What can be said in reply to this by apologists for delay must no doubt be given its due weight. The African operations, under- taken before the end of 1942, might be treated as the first instal- ment of a second-front operation. The blows the British and American air forces have been dealing at German war-industries and German morale may have a long-term effect which has still to be revealed. And—if it is held desirable to press such an argument—Russia's questions as to whether we are doing our utmost to help her today can be met with a counter-question as to what her attitude to us was when we stood alone against the world between the Junes of 1940 and 1941. But in truth no good purpose is served by such disputation. The maximum co-operation between Russia and her western Allies both in the war and in the coming peace is essential, and Englishmen will be hardly less relieved than Russians when the news comes of Allied landings on the continent in sufficient strength to divert substantial German forces from the Russian front. The hazard of such operations is recognised. The landings in, Sicily provide little criterion of what may be looked for when invasion of the Balkans or France or even Italy is undertaken. Casualties will inevitably be heavy, and it may be that there are more economic and not less effective ways of waging war. But psychological and political factors cannot be wholly disregarded. Russia today is sacrificing men by the thousand where her Allies are not sacrificing them by the hundred or the fifty or the twenty. That has been so not for weeks only or months but years. We can realise what Russians must feel. about this, for it is precisely what we should feel ourselves. And the twist given to the mental outlook by such feelings affects the approach to all other problems which Russia and her allies have to solve in common.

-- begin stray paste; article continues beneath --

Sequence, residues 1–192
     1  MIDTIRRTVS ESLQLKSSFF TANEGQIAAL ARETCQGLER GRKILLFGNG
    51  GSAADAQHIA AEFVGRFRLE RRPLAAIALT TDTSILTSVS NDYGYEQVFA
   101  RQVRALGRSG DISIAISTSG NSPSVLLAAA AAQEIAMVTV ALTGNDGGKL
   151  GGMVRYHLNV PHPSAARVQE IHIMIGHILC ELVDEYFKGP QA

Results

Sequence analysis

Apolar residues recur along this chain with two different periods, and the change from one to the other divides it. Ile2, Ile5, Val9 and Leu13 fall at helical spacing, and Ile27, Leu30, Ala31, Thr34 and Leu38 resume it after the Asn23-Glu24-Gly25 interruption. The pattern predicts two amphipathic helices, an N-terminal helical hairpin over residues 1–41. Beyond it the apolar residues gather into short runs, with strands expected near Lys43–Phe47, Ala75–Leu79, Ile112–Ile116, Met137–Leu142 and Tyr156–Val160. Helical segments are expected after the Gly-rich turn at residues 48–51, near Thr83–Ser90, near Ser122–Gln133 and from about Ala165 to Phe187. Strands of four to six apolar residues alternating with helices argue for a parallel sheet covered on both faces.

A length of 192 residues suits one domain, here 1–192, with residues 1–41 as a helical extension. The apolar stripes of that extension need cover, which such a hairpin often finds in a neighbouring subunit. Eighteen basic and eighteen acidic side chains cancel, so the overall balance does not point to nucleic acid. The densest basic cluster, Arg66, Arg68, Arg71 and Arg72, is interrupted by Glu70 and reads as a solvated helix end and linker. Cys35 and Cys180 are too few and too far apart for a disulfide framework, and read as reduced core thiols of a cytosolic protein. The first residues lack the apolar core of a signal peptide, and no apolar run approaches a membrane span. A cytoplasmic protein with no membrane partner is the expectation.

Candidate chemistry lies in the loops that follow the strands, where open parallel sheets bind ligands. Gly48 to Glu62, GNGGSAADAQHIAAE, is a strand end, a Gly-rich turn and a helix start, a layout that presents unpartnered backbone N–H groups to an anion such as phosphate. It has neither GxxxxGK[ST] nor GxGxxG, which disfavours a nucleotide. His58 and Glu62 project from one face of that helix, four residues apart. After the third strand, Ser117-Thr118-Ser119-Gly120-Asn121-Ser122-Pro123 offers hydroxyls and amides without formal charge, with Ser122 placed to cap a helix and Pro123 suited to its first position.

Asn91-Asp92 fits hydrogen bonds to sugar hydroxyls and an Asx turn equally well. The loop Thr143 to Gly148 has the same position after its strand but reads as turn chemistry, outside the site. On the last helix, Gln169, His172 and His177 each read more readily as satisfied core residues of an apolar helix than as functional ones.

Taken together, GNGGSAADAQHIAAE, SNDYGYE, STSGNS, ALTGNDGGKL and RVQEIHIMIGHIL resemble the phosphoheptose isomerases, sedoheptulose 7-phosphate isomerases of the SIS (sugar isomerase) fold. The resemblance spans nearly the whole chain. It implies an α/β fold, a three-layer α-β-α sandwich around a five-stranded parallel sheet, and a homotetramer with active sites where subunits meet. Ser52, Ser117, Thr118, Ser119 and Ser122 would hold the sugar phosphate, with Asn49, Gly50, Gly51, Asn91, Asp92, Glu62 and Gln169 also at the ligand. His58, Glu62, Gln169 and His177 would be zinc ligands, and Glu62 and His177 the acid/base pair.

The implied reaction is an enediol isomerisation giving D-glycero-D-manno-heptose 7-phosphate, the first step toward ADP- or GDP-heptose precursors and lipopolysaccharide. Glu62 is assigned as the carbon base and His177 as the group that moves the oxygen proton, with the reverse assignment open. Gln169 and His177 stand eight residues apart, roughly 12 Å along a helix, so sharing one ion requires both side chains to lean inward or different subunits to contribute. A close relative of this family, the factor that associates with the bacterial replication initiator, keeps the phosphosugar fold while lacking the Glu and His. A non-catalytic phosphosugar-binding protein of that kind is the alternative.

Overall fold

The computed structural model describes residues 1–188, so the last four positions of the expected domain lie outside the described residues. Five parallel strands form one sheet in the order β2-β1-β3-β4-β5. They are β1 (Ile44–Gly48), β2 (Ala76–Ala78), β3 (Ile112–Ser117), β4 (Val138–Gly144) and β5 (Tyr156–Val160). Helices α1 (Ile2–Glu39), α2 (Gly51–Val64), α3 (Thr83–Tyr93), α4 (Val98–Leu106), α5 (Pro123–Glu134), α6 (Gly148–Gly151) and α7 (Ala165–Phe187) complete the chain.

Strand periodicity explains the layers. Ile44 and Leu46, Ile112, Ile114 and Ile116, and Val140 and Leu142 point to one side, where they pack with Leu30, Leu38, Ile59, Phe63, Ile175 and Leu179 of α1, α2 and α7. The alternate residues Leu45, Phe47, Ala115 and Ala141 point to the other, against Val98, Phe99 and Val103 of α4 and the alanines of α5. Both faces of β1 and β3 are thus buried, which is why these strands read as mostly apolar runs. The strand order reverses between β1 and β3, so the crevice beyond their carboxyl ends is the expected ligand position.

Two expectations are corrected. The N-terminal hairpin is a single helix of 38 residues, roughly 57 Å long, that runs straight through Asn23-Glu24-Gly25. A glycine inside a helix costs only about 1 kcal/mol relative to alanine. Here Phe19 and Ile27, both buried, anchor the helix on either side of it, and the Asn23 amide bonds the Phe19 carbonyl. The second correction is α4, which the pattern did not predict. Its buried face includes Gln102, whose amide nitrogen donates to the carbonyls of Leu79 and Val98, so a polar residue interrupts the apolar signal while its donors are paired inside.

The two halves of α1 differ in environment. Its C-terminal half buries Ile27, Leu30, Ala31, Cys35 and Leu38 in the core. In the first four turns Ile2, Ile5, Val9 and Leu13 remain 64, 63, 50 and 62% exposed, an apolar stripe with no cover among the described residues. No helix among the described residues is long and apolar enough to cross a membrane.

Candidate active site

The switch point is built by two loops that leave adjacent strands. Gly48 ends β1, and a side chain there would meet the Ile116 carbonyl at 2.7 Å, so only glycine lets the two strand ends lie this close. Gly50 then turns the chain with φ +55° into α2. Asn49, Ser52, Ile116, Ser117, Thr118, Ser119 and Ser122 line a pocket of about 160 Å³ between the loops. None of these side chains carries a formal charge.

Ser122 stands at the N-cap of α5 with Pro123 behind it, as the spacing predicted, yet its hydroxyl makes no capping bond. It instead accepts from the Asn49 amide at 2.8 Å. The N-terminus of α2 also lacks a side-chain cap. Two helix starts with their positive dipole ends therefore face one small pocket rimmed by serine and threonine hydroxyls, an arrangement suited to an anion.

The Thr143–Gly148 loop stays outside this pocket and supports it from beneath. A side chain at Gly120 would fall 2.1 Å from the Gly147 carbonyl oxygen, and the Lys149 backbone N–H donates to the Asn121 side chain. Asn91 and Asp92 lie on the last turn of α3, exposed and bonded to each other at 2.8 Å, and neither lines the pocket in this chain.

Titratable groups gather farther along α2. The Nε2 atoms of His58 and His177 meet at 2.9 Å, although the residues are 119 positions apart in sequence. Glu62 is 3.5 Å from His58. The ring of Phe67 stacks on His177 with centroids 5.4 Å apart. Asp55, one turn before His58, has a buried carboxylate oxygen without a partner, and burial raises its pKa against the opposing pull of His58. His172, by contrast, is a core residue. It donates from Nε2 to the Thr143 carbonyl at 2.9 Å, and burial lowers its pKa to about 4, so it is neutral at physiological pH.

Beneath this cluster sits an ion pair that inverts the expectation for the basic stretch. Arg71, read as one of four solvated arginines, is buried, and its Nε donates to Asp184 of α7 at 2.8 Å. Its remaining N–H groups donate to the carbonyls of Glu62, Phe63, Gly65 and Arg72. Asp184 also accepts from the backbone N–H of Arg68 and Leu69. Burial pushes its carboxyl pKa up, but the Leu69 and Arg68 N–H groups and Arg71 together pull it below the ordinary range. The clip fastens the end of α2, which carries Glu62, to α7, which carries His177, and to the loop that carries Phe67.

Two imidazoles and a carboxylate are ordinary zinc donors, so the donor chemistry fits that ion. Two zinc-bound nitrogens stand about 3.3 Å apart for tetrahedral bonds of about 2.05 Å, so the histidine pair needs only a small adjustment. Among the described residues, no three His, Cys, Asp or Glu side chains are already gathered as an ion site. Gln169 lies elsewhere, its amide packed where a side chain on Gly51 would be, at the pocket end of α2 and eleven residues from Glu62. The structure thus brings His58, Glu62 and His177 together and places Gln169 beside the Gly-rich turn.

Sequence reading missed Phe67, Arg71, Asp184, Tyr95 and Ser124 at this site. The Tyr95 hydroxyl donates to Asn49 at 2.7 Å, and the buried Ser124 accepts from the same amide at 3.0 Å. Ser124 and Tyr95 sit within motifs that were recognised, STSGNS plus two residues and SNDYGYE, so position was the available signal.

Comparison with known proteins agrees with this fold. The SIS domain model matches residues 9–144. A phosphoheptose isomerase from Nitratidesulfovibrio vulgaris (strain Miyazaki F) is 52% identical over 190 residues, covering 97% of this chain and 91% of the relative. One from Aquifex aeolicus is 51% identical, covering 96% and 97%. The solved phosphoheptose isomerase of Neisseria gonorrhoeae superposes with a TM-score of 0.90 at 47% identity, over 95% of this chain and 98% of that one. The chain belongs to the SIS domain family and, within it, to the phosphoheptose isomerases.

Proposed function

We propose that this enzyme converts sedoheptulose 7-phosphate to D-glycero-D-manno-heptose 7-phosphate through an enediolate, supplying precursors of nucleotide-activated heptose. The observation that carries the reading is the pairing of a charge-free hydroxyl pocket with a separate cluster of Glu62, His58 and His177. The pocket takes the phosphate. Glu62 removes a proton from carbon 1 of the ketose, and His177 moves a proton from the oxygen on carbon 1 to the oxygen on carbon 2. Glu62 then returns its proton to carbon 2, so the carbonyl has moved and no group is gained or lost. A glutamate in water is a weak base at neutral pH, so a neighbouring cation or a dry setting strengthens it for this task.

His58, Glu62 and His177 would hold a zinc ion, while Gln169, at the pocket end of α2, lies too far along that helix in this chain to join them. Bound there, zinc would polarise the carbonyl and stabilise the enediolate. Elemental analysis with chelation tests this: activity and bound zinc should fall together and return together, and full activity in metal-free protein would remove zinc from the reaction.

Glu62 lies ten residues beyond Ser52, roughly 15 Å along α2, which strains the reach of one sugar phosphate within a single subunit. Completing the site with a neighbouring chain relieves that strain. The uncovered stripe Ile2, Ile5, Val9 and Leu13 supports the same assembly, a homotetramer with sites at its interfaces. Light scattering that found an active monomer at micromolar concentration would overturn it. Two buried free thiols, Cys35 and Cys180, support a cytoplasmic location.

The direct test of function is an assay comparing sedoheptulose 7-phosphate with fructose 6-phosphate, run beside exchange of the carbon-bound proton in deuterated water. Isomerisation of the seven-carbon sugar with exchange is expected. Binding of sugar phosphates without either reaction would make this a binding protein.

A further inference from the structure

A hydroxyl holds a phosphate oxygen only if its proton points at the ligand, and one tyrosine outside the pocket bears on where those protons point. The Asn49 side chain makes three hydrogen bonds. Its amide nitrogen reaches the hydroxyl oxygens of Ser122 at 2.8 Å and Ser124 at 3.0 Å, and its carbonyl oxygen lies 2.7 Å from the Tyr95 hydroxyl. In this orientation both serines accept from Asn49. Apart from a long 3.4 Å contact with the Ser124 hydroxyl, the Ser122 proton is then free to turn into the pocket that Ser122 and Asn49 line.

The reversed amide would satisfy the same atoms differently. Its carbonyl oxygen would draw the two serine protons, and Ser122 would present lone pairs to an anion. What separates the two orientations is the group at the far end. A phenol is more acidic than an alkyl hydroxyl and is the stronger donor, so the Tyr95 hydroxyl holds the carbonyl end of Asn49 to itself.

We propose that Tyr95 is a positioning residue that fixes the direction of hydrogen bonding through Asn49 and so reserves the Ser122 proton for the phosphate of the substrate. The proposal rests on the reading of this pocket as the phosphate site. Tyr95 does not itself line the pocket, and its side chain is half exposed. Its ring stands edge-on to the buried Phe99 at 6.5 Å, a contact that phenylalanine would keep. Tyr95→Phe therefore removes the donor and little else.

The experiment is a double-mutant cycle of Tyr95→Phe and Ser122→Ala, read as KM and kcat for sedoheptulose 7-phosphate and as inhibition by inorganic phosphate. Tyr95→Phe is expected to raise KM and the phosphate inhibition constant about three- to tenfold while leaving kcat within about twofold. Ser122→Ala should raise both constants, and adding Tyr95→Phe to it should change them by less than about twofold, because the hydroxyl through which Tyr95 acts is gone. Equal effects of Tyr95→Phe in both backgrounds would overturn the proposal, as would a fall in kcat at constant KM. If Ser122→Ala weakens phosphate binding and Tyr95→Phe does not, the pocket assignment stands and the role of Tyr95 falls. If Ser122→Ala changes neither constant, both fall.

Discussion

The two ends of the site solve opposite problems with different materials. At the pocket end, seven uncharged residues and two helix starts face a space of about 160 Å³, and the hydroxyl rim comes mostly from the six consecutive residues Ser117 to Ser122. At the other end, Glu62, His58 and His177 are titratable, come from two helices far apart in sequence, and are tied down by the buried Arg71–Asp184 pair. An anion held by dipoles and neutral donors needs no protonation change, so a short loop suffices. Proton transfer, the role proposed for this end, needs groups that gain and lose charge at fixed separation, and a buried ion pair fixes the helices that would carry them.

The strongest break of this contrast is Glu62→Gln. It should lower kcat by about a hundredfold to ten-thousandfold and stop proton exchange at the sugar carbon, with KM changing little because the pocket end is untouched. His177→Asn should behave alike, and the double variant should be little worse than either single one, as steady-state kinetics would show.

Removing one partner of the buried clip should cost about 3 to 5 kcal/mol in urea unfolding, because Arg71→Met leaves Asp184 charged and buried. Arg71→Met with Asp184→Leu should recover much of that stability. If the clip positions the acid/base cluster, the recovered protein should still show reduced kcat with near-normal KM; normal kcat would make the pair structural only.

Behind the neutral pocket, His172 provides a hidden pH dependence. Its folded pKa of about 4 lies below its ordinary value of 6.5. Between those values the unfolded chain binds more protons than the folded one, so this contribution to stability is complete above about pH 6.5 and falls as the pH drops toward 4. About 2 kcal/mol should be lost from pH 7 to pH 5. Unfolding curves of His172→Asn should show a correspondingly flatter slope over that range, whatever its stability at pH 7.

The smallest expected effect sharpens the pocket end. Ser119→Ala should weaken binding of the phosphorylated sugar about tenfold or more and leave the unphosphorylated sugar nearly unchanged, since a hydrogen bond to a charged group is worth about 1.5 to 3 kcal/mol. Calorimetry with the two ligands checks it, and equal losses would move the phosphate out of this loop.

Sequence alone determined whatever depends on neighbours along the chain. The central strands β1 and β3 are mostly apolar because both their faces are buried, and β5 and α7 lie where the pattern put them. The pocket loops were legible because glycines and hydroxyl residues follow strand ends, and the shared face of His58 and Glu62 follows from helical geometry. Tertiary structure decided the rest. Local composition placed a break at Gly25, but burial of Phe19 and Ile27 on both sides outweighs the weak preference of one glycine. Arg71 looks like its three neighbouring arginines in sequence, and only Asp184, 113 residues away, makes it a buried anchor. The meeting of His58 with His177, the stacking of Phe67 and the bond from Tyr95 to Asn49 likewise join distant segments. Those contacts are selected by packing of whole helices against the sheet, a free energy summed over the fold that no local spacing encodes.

Whatever the length of the road still to tread before peace is restored, the time has fully come to be deciding what to do with peace when we get it. Mr. Churchill emphasised that, and rightly emphasised it, in his broadcast on Tuesday. More time-was spent at the Paris Peace Conference over disagreements among the Allies than over disagreements between the Allies and Ger- many. That must not happen this time. Certain agreements are fundamental. One is between Britain and the United States ; that is axiomatic and need hardly be discussed. Another is between the Anglo-Saion Powers and France. That can reason- ably be taken for granted,_ though France's constitutional future is uncertain, with her right to make it what she will fully recognised. The third, equal though not superior in importance to either of the others, is agreement between the Anglo-Saxon Powers and Russia. We cannot assume that it will be in all respects easy to reach, even when the coming Allied offensive has substituted an atmosphere of exhilaration for an atmosphere of discontent. Geography is part of the trouble ; differences in national tradition and current political ideas are another part. Such difficulties must be overcome, and the best way to overcome them is to increase contacts. Mr. Churchill's intimation that a conference of Foreign Ministers of the three countries is in prospect is welcome, The announcement of a meeting between the three principals will be still more welcome. For what is needed is common consultation and collaboration everywhere. The idea that Russia should settle Eastern Europe and the Anglo- Saxons Western Europe as they choose is by no means to be encouraged. The fact that the Anglo-Saxons have no ambitions in Eastern Europe or Ruska in Western Europe is a reason, not for a division into zones but for joint action and a single rolicy over the whole field ; so best will justice be achieved. There is